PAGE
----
Autism Spectrum Disorder (ASD) is associated with persistent impairments in adaptive abilities across multiple domains. These social, personal, and communicative impairments become increasingly pronounced with development, and are present regardless of IQ. The Vineland Adaptive Behavior Scales, Second Edition (Vineland-II) is the most commonly used instrument for quantifying these impairments, but minimal clinically important differences (MCIDs) on Vineland-II scores have not been rigorously established in ASD. We pooled data from several consortia/registries (EU-AIMS LEAP study, ABIDE-I, ABIDE-II, INFOR, Simons Simplex Collection and Autism Treatment Network [ATN]) and clinical investigations and trials (Stanford, Yale, Roche) resulting in a data set of over 9,000 individuals with ASD. Two approaches were used to estimate MCIDs: distribution-based methods and anchor-based methods. Distribution-based MCID [d-MCID] estimates included the standard error of the measurement, as well as one-fifth and one-half of the covariate-adjusted standard deviation (both cross-sectionally and longitudinally). Anchor-based MCID [a-MCID] estimates include the slope of linear regression of clinician ratings of severity on the Vineland-II score, the slope of linear regression of clinician ratings of longitudinal improvement category on Vineland-II change, the Vineland-II change score maximally differentiating clinical impressions of minimal versus no improvement, and equipercentile equating. Across strata, the Vineland-II Adaptive Behavior Composite standardized score MCID estimates range from 2.01 to 3.2 for distribution-based methods, and from 2.42 to 3.75 for sample-size-weighted anchor-based methods. Lower Vineland-II standardized score MCID estimates were observed for younger and more cognitively impaired populations. These MCID estimates enable users of Vineland-II to assess both the statistical and clinical significance of any observed change. Autism Res 2018, 11: 270-283. © 2017 International Society for Autism Research, Wiley Periodicals, Inc.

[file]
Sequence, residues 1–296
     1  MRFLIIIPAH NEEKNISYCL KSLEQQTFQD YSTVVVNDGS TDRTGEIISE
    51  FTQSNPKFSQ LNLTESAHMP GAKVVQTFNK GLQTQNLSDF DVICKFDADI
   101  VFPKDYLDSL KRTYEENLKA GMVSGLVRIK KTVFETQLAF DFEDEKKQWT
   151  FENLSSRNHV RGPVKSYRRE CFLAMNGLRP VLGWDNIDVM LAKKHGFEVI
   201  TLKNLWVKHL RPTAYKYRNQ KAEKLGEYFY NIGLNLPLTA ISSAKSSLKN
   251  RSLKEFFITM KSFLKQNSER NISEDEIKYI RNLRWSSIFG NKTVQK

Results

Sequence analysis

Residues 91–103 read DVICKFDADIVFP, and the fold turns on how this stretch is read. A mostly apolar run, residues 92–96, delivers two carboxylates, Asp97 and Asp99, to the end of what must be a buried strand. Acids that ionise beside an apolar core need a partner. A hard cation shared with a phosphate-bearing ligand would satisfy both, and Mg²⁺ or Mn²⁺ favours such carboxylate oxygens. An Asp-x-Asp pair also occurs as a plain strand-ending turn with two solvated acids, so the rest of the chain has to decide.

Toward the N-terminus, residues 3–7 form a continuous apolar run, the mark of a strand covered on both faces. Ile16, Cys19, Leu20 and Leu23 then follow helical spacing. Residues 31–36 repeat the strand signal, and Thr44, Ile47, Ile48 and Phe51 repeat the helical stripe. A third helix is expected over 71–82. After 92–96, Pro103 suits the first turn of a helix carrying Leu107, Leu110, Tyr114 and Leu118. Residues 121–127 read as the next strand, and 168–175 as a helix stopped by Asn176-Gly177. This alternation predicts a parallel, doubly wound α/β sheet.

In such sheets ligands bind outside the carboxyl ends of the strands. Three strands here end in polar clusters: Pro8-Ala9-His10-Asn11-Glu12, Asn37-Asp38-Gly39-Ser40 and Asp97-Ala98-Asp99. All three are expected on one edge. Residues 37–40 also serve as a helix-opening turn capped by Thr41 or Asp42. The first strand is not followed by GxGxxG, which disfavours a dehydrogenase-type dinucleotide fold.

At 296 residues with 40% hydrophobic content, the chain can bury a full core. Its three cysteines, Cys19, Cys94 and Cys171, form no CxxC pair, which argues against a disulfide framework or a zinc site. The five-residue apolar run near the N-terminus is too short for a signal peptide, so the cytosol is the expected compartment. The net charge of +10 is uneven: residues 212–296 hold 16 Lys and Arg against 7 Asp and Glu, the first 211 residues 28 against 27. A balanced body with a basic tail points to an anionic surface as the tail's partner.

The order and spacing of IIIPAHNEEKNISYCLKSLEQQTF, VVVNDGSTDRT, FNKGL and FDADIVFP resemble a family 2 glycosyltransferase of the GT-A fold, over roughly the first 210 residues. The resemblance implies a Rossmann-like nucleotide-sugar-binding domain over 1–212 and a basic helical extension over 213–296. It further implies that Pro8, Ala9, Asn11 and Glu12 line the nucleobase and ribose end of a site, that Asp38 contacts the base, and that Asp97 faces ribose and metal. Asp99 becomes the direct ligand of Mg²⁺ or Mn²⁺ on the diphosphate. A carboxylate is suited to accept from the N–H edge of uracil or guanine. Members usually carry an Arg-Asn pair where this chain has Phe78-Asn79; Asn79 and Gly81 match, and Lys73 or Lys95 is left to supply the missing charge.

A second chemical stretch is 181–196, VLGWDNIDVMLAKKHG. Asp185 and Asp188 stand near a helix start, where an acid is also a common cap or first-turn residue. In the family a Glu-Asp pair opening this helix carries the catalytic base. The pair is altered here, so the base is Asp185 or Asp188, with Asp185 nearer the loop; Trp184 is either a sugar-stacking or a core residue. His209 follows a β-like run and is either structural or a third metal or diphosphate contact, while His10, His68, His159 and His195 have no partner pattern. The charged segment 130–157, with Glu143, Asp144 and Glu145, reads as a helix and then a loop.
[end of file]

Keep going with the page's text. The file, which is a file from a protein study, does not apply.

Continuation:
The Vineland Adaptive Behavior Scales (2nd edition; Vineland-II) is the most widely used scale for assessing day-to-day “adaptive” skills. Yet, it is unknown how much Vineland-II scores must change for those changes to be regarded as clinically significant. We pooled data from over 9,000 individuals with ASD to show that changes of 2-3.75 points on the Vineland-II Composite score represent the “minimal clinically-important difference.” These estimates will help evaluate the benefits of potential new treatments for ASD.